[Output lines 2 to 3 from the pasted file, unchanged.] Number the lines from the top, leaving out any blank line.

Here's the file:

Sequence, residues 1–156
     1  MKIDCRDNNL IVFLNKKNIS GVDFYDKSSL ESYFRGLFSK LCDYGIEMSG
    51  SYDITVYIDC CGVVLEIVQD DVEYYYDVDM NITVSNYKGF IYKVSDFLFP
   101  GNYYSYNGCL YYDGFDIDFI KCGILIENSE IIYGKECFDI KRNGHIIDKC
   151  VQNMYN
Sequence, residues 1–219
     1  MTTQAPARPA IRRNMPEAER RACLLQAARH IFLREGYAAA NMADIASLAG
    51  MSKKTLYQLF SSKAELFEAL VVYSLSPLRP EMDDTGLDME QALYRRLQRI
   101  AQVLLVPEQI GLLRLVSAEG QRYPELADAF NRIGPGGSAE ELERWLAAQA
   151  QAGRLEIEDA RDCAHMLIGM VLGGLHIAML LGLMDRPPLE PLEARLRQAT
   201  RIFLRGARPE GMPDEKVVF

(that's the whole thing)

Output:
     1  MKIDCRDNNL IVFLNKKNIS GVDFYDKSSL ESYFRGLFSK LCDYGIEMSG
    51  SYDITVYIDC CGVVLEIVQD DVEYYYDVDM NITVSNYKGF IYKVSDFLFP